IS the government really serious about its objective of attaining a higher (read 6-percent to 7-percent) growth rate or not?
In the last several months, no less than the President herself said that her government is gunning for 7 percent to 9 percent in the next three years, encouraged by the statement from the private sector that they are willing to support such an initiative. The only way the government could achieve that fairly quickly is by raising public expenditure on infrastructure.
Several months after, the government still has nothing to show for it. In fact, Monday’s report by this paper’s reporter, Jun Vallecera, showed that even in the first two months this year, a few months prior to the mid-term election, government expenditure on infrastructure development has remained stagnant. What’s happening?
In the last several years, the Philippine economy has shown itself capable of growing more than 5 percent to 6 percent, buoyed largely by high personal consumption expenditure financed largely by OFW remittances and the fast-growing services sector. This growth performance, however decent, couldn’t soak up joblessness owing to two major factors.
First, the activities generated by the services sector are generally urban-based, implying that the rural sector, or even those who are in the urban fringes, are not benefited.
Second, the kinds of jobs generated in the services sector these days are primarily technology-driven, requiring workers who are highly skilled and educated, thus leaving unskilled ones to rot in the slums and the hopelessness of the underground economy.
And third, the government has been remiss in its role in terms of providing adequate infrastructure investments, especially those that provide links between and among the major economic centers, thus restricting the country’s overall growth potentials.
Hence, if the government wants to kick off higher growth, then quick, higher government investments in infrastructure development is the key, assuming it has undergone honest-to-goodness and transparent project planning. Higher infrastructure spending immediately translates to higher purchases of construction materials like cement, steel products, sand and gravel, and wood products. In turn, greater activities in these sectors translate to more jobs and higher purchasing power for food, beverage, and other wage goods.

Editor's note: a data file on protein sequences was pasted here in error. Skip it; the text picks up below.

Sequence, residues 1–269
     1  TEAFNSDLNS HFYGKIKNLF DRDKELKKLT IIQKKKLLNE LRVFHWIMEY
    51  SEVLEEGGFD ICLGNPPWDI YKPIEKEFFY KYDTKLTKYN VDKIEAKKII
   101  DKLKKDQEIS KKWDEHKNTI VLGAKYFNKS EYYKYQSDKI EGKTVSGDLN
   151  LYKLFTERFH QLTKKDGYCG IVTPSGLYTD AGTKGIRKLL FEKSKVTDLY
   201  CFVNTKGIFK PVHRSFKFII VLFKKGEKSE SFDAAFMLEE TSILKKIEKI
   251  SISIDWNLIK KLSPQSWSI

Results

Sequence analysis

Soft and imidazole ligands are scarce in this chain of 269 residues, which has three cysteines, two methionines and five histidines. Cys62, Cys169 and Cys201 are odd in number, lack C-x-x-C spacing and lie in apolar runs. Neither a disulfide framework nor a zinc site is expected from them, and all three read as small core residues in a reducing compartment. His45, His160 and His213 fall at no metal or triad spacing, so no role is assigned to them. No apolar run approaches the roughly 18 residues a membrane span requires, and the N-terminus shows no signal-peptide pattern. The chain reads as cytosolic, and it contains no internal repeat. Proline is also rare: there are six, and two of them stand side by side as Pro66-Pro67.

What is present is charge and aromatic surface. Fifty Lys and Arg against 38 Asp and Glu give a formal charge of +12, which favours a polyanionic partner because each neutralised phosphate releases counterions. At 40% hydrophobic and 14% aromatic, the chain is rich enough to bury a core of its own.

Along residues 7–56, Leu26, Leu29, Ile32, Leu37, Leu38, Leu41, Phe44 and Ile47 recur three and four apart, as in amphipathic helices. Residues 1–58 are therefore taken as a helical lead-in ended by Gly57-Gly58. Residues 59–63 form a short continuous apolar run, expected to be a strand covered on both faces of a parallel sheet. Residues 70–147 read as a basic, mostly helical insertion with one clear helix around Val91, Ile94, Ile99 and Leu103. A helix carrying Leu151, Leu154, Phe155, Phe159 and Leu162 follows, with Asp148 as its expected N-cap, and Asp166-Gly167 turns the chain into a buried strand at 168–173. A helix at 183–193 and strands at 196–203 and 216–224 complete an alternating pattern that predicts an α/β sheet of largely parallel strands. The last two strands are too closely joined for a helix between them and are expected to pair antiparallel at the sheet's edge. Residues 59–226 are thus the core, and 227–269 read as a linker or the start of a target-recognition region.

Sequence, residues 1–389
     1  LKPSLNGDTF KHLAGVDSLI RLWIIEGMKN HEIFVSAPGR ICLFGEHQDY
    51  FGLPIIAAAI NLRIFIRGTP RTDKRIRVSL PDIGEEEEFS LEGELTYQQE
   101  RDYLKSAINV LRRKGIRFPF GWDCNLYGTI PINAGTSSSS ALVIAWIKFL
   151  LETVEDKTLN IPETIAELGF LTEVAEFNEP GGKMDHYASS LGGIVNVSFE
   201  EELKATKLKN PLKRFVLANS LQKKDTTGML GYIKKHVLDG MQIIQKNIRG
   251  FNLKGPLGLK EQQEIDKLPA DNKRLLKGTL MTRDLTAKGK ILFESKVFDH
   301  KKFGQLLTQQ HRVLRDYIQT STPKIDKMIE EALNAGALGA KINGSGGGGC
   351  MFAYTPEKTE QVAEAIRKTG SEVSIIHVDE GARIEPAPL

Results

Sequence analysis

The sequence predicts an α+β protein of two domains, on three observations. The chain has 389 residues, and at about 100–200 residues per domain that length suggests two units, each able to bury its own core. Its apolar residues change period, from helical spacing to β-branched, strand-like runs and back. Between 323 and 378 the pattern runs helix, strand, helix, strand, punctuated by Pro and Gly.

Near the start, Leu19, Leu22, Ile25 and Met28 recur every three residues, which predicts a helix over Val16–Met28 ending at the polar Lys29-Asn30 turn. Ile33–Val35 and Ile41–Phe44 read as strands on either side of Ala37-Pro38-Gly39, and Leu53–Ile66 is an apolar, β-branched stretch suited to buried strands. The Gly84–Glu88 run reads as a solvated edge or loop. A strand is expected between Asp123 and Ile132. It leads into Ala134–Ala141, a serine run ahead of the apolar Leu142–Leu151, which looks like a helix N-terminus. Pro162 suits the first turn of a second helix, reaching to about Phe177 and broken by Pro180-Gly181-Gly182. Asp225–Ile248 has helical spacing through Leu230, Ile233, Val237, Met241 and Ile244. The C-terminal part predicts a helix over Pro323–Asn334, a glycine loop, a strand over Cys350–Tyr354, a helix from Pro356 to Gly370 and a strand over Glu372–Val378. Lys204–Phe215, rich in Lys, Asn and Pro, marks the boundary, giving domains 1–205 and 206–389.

The multiplier effects of these industries are very high as the private sector—seeing that the government is pouring money into roads, bridges and other vital economic infrastructure—is going to have the confidence to pursue with their own investment plans.
In the last three years, private investments in the country have been lackluster owing to the business managers’ wait-and-see attitude. This is clearly manifested in the low importation of capital equipment, as well as flat growth in the economy’s capital formation.
This means that the private sector is waiting for a signal from the government; a trigger. And what better way for the government to unleash this optimism for job-creating decisions than by opening up the spigots for higher public sector investments on infrastructure?
In the last five years, robust foreign markets, because of the emergence of China and India, and the continuing strength of the American economy, have been underpinning the growth of the Philippine economy. That explains the continuing expansion of the country’s exports of electronics and garments.
But the country’s export sector can’t do it alone for the entire Philippine economy, not only because of the rising peso, but because of poor infrastructure. With poor roads and bridges, as well as an inefficient transport system, exporters are likely to import raw materials rather than buy them from local farmers and rural producers. That’s the reason why we can’t just produce enough economic activities in the countryside. That also means factories are likely to be located close to urban centers and bypass the countryside where labor is supposedly abundant and wages low.
Or they will bypass the entire country in favor of the cheaper location like Vietnam or China. Compared to its Asian neighbors, the Philippines now has among the highest wage rates and that problem is related to the country’s poor infrastructure.
When the cost of producing and transporting food stuff is high, workers are likely to agitate for higher wages to cover for the rising cost of living standards. That is one of the major reasons why despite higher joblessness, wages in this country are rising. So if we want to improve our global competitiveness, we better move faster on infrastructure investments.
Of course, higher investments in infrastructure are crucial in improving the livability of our cities and the quality of our lives. Right now, the country’s urban-driven growth trajectory is accelerating urban primacy and aggravating the polarization between the countryside and the cities. With stagnant productivity in the country, rural-urban migration is accelerating, the main reason why we can’t seem to address the shortages of shelters, traffic congestion, and urban pollution.
The question right now is this: why can’t government move faster on this? Is it plain incompetence? Is it plain inertia after years of spending nothing in pursuit of “fiscal consolidation?” Has the party in power exhausted all its energies?
Or maybe the reason is more basic—that despite all the talk about fiscal consolidation, there is really no money to spend in the first place because it has been earmarked for some election-related purposes. The government had better come up with credible explanations, for what’s at stake is public confidence and the country’s future. And soon! (Originally prepared as Editorial for BusinessMirror, 17 April 2007)